Seeing Vera Drake again on television tonight, I'm
reminded of what a very good film it is. Quite apart from
its intrinsic dramatic value, it captures convincingly the
reduced quality of life in postwar Britain. Well, it looks
convincing to me. And how semi-militarized society
remained: this was true of New Zealand too. Public life
up to the 1960s was so orderly—all those hats—because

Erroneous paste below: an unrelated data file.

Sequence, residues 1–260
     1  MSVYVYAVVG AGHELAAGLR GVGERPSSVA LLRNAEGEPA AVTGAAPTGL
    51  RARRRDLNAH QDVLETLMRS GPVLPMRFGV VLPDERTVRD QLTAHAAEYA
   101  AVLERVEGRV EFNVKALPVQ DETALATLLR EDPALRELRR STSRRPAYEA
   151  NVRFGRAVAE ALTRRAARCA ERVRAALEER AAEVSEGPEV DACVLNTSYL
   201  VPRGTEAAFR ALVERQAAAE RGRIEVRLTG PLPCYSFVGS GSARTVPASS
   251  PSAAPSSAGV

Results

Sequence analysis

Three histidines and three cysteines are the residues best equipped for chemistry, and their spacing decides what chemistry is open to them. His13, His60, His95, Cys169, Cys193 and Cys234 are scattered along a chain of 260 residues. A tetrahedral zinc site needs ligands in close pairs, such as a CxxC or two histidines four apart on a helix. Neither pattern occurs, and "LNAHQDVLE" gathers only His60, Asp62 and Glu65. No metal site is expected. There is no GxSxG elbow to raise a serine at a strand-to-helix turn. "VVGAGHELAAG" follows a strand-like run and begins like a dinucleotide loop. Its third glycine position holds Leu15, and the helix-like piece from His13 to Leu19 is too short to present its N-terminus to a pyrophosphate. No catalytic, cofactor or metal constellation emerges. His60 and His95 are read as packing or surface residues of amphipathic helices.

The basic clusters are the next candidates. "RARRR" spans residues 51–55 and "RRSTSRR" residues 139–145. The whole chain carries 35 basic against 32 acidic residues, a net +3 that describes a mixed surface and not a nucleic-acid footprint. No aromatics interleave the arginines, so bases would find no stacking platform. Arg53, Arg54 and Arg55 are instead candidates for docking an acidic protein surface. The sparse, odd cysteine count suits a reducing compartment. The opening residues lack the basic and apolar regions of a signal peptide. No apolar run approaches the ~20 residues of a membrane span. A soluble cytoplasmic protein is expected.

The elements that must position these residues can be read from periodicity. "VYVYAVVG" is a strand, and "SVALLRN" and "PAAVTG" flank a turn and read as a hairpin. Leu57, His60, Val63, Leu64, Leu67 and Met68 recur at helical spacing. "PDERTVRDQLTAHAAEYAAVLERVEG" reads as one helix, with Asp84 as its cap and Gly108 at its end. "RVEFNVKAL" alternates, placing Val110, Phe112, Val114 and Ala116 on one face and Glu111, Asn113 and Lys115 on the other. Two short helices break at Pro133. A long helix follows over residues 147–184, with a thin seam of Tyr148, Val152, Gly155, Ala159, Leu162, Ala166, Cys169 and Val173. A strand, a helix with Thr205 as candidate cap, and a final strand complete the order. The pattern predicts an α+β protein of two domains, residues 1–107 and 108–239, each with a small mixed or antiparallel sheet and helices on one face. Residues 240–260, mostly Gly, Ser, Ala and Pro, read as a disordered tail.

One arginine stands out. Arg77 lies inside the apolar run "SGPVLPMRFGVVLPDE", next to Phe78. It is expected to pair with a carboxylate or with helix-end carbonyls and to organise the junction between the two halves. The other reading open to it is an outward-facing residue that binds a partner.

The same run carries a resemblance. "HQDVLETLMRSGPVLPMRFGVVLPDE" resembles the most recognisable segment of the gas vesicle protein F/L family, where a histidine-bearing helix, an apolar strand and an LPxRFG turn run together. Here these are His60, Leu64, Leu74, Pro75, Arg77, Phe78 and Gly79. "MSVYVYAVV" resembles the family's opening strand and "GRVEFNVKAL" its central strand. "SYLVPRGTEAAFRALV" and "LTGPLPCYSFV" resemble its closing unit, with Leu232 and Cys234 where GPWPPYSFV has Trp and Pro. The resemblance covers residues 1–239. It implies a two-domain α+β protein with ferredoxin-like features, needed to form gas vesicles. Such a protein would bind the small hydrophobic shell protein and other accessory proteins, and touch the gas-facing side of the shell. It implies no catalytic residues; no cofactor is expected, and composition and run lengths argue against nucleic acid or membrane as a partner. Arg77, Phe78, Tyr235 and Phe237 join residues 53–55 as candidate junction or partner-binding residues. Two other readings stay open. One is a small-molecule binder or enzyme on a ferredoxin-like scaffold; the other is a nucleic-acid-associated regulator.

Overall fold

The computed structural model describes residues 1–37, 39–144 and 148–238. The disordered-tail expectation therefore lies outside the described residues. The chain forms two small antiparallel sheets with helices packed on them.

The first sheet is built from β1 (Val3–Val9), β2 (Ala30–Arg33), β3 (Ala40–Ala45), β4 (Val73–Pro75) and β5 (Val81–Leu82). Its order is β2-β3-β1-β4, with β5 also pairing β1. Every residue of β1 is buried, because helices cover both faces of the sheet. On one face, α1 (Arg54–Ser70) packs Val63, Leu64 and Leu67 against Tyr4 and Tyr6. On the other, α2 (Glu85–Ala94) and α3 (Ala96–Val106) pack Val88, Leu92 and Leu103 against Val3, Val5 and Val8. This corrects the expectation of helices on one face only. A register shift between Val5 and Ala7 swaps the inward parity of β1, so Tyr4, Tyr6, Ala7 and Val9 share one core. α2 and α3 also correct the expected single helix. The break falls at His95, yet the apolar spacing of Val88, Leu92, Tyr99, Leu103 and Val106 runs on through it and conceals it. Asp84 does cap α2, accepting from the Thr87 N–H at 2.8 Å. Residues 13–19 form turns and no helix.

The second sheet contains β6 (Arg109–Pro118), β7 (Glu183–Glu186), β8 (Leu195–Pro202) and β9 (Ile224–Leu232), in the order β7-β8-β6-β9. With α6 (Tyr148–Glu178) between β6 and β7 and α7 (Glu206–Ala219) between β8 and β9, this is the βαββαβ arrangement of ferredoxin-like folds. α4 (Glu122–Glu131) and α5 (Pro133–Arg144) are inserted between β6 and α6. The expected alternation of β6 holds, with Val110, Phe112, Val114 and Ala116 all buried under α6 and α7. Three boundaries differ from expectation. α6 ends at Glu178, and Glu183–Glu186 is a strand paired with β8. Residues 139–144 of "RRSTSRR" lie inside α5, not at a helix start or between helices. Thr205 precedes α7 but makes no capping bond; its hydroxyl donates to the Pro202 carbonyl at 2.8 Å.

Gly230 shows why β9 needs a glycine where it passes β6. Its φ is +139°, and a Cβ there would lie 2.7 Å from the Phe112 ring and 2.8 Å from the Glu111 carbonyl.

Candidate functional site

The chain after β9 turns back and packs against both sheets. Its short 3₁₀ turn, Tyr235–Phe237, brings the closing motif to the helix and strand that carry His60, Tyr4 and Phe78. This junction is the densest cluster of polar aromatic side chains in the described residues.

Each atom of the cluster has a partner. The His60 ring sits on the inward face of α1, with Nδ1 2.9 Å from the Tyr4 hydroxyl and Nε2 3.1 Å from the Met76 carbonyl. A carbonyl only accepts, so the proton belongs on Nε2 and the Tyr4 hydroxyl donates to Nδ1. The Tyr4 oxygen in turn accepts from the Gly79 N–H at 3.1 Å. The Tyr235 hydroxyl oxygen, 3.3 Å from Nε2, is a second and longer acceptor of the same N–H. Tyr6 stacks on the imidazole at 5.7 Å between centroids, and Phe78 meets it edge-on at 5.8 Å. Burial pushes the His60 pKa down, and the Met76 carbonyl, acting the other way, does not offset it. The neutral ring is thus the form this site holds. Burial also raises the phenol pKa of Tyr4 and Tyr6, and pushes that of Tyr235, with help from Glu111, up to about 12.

the habits of war stayed strong in peacetime. For at
least 15 years after 1945, New Zealand carried on as if it
were still at war: only now the enemy was ourselves.
Marching in step was the thing, with polished buttons.
The average suburban home was an armed encampment,
the maternity hospital a barracks. Babies were fed to
order; mothers presented arms on command. We never
went so far, though, as the regimented fun routines of
British holiday camps. We had the hi but missed the ho.